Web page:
Even in the worst seasons there are silver linings, bright spots, and excellent moments. This game was full of them, and also one of the most crushing returns to reality of the year.
The bright spots? Clay Buchholz went seven strong, only really hurting himself with a couple errant pickoff throws, the second of which cost him a run. Since finally shaking off the rust and getting truly healthy, he's been everything he was in the last two years and more, playing the roll of stopper when the Sox needed it most-even if the Sox were able to undo all his good work in the last two innings.
Then there was Pedro Ciriaco, who resumed his ridiculous schedule of clutch hitting by launching a go-ahead homer in the eighth after Andrew Miller had surrendered the lead in the top half of the inning. He's fun to watch, and we'll always have his fun run in the same way we have Adrian Beltre's one-knee blasts in 2010.
I'll get to the last silver lining later, but for now, let's acknowledge the reality: even after the clutch homer put them up 3-2, and Cody Ross added a hit to make it 4-2, the Red Sox still found a way to lose. Not just a game, but their fourth straight, and third straight to the Twins. That's right: a series loss. To the Minnesota Twins. In Fenway.
After already having to escape Andrew Miller's bases loaded, zero outs situation in the eighth, Alfredo Aceves came back out for the ninth, struck out Brian Dozier, and then fell right to pieces. One run came in with two men reaching base, bringing Joe Mauer to the plate with two outs, the tying run on third, and the go-ahead run on second. Mauer worked the count full, Aceves gave him an inside fastball, game over. The three-run shot didn't erase the bottom of the ninth for the Sox, but given how the game had built to it, there was no real belief that Boston was going to do anything in the bottom half.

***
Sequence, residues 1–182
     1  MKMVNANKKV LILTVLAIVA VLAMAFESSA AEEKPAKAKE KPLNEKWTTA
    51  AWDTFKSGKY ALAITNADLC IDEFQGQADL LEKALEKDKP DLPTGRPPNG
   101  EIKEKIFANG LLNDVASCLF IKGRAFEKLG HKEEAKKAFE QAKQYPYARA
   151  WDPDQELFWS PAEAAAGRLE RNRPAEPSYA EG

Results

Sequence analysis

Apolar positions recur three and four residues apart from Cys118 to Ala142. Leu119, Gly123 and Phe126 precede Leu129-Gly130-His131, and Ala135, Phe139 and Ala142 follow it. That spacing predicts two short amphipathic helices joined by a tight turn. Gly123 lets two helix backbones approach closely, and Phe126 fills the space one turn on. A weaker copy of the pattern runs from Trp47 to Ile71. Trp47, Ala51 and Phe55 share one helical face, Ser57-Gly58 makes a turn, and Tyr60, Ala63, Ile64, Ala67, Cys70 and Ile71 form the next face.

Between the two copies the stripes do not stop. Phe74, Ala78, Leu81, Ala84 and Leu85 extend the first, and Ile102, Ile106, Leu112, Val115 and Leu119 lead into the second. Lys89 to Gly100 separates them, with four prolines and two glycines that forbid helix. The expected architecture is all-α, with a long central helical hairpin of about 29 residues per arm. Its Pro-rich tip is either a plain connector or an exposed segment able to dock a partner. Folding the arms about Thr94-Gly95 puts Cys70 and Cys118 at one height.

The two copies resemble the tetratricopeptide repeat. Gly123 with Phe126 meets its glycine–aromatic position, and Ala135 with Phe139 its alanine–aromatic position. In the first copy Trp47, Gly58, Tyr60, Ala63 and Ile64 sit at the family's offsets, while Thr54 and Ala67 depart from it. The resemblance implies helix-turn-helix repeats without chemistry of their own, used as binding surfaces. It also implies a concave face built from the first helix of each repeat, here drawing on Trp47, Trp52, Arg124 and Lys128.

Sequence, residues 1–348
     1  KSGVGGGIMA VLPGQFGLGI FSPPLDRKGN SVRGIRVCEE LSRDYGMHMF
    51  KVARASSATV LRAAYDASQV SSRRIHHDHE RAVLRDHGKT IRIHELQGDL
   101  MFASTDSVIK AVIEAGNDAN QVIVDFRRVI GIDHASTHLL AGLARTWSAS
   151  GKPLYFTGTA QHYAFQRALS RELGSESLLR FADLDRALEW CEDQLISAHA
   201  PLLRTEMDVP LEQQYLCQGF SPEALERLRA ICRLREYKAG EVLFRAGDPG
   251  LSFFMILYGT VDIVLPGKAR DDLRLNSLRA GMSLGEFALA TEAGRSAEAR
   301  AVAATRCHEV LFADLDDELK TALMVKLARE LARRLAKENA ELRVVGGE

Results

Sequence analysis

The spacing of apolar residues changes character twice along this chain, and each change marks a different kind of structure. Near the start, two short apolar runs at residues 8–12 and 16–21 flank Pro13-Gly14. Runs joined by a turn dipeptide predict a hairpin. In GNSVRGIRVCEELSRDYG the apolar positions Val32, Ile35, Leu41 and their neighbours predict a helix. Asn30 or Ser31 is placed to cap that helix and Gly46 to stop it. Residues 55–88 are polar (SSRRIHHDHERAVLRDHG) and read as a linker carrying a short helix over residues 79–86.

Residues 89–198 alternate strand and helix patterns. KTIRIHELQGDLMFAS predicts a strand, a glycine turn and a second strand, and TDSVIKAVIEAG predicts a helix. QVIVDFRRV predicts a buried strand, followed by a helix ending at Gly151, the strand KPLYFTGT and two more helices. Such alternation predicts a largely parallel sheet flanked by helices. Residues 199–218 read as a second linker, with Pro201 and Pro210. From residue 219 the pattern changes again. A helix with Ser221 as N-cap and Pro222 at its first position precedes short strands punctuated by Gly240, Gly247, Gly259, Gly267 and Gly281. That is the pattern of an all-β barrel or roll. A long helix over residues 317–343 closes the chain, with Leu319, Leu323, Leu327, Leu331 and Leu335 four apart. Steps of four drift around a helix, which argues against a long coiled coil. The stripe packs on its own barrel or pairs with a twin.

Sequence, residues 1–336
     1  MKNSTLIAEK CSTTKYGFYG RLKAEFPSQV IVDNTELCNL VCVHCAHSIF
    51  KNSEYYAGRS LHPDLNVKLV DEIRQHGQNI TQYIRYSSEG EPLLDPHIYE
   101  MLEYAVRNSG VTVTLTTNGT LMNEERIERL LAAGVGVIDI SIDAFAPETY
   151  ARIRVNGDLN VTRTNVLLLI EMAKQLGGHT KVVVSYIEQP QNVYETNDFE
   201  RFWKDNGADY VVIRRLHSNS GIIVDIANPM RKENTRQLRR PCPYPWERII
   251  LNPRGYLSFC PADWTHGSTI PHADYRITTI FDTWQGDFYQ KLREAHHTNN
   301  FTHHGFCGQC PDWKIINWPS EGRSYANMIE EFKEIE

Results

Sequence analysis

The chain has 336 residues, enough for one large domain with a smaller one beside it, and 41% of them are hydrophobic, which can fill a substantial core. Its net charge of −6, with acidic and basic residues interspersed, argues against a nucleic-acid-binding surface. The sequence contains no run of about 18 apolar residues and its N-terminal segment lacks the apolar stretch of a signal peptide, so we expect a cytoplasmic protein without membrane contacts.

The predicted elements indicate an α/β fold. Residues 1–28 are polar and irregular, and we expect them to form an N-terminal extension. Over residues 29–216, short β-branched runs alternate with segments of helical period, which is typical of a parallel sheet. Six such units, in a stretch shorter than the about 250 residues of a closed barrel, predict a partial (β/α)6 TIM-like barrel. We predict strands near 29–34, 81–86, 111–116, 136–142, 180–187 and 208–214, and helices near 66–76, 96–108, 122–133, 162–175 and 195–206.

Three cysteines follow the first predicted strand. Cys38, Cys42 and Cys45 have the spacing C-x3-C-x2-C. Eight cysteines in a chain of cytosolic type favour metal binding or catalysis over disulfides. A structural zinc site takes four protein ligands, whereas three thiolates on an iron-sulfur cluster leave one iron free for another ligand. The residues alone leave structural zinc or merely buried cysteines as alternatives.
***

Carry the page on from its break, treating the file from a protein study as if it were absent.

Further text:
This is, again, a new low. Two games under .500 after responding to a four-game winning with a four-game losing streak including dropping three to the Twins. And that brings me to the last bright spot, because this might be the last straw on Bobby Valentine's back. He did another atrocious job of managing the bullpen tonight by letting Aceves stay out there to face the lefty Mauer when Craig Breslow was in the pen. He lost to the Twins in a series they desperately needed to win even to provide just an appearance of contention.
Come the end of the season, this Red Sox team will need a scapegoat. Maybe they'll try and make one out of Beckett, but Valentine is a much easier financial hit to take, just as hated in Boston, and far less likely to be useful in 2013. We passed the point of "indefensible" with his managerial decisions two months ago, there's too much smoke around the clubhouse's opinion of him for there to be no fire, and now the results aren't even mediocre enough to let him slip by.
Who knows? Maybe we'll get swept tomorrow and they'll sack him on the spot. All I know is that for once I actually look forward to the smear campaign to come.